Thursday, February 16, 2012

RIP Gary Carter.

Well, We knew it was going to happen. I just hoped it wouldn't happen until at least he had a day for him at New Shea in 2012. Gary Carter died today of brain cancer at the age of 57. As a Mets fan, It's tremendously sad news. Mets fans aren't used to having things go our way when it comes to our favorite team. Especially when compared to the crosstown team with much more success. But back in the mid to late 1980s it was good to be a Mets fan. And Gary Carter was the piece that finished the puzzle.

I became a hardcore Mets fan in 1976 when Gary Carter was on the Montreal Expos. He was a up and comer at the time with a cool baseball card to boot.

The Mets would go through some really tough years in the late 70s and early 80s while Gary Carter rose to become the best catcher in the game after Johnny Bench hung up his mask. And man did he annoy me. He was so good in a Derek Jeter sort of way but in Montreal, He wasn't able to bask in World Series glory like Jeter did. Montreal made only one playoff appearance (their only one to this day) in the strike shortened 1981 season. If he wanted to win it all he needed to be traded. Fortunately there was a team that needed one more player to win it all and Gary Carter was that player and the New York Mets were that team.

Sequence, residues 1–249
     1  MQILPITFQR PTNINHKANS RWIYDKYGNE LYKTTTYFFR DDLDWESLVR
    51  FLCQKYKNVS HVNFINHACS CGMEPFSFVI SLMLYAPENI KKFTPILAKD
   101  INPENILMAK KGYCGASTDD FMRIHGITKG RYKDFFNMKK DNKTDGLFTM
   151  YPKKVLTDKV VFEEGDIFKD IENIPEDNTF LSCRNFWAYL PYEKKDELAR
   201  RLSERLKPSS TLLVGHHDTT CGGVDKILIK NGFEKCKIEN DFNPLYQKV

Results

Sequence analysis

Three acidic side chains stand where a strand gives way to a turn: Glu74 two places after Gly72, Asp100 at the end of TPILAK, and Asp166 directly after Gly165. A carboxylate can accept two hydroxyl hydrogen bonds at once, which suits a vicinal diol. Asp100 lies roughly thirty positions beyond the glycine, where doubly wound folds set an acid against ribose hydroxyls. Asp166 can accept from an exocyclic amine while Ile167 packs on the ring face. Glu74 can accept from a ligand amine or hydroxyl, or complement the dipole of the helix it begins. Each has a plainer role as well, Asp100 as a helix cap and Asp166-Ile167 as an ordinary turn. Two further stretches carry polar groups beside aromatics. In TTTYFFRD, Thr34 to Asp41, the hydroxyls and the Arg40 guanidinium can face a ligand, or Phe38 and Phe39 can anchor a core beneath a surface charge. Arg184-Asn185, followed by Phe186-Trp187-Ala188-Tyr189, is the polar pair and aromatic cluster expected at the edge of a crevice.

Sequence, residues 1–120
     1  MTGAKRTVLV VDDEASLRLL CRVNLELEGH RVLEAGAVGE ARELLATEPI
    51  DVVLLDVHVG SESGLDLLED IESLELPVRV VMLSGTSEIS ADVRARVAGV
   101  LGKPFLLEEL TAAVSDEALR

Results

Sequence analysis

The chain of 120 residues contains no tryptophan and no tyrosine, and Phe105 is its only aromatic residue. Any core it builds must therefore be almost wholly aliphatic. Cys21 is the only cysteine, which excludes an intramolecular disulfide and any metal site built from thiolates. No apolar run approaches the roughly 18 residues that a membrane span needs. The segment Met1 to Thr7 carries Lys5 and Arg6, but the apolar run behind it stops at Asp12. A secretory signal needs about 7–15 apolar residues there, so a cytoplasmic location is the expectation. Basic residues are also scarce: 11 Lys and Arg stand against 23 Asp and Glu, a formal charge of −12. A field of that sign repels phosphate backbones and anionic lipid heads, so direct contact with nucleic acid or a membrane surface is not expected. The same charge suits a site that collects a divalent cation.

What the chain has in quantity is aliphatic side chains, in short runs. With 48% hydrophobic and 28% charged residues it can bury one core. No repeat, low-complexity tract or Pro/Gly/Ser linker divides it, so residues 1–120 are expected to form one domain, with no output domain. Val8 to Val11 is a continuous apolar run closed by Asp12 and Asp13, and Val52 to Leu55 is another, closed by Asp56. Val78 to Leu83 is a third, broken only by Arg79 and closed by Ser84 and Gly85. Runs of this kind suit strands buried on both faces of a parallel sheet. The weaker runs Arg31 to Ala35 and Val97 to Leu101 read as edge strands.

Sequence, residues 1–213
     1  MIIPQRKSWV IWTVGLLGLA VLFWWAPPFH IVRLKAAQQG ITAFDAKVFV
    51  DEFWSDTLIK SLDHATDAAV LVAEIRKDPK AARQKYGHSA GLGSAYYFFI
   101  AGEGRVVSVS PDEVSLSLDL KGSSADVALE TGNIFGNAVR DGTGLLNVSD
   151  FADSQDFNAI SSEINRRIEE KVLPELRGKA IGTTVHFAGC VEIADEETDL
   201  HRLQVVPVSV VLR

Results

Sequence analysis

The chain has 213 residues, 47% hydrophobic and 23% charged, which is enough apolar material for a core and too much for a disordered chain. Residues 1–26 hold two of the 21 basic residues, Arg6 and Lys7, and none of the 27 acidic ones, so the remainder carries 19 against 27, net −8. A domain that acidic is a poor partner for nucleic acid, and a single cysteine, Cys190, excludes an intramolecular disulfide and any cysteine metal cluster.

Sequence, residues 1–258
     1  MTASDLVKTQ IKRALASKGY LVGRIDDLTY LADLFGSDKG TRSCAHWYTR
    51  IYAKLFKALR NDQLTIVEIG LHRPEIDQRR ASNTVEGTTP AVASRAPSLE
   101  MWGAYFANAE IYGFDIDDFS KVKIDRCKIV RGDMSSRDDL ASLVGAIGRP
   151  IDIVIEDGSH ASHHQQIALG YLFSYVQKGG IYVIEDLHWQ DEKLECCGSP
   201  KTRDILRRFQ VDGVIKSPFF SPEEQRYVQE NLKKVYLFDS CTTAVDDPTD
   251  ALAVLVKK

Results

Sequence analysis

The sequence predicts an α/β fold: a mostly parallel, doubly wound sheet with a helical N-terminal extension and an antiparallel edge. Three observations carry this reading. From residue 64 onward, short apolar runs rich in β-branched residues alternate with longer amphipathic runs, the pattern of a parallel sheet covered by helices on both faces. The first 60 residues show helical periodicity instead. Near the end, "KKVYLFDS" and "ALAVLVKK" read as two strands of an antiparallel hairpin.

Starting in 1980, The Mets new ownership were making serious strides into being a competitive team. They had built up a good farm system that took advantage of their losing records to get high draft picks. they made some trades, good and bad. The best was getting Keith Hernandez for Neal Allen and Rick Ownby. the Mets started winning in 1984 with 19 year old rookie Dwight Gooden and Daryl Strawberry's first full season. They rose up to challenge the Chicago Cubs (Another hard luck team) for the Eastern Division. The Cubs would win out in a tight race lead by MVP Ryne Sandberg and Cy Young Award winning Rick Sutcliffe. The Mets were for real and knew they were just one piece away from winning it all.

Gary Carter became available for a trade and the Mets traded fan favorite Hubie Brooks and non hitting rookie catcher Mike Fitzgerald and others for Gary Carter. He paid dividends on the very first game he played for the Mets (A game I'm watching as I write this, on SNY.) by hitting a home run to win the game. The Mets in 1985 would do even better than 1984 but would lose out to the St. Louis Cardinals on the last weekend of the season and in the pre-wild card era of baseball, It wasn't enough. Gary Carter had a great season leading the Mets in home runs and RBIs, a feat he did for much of his time on the Mets.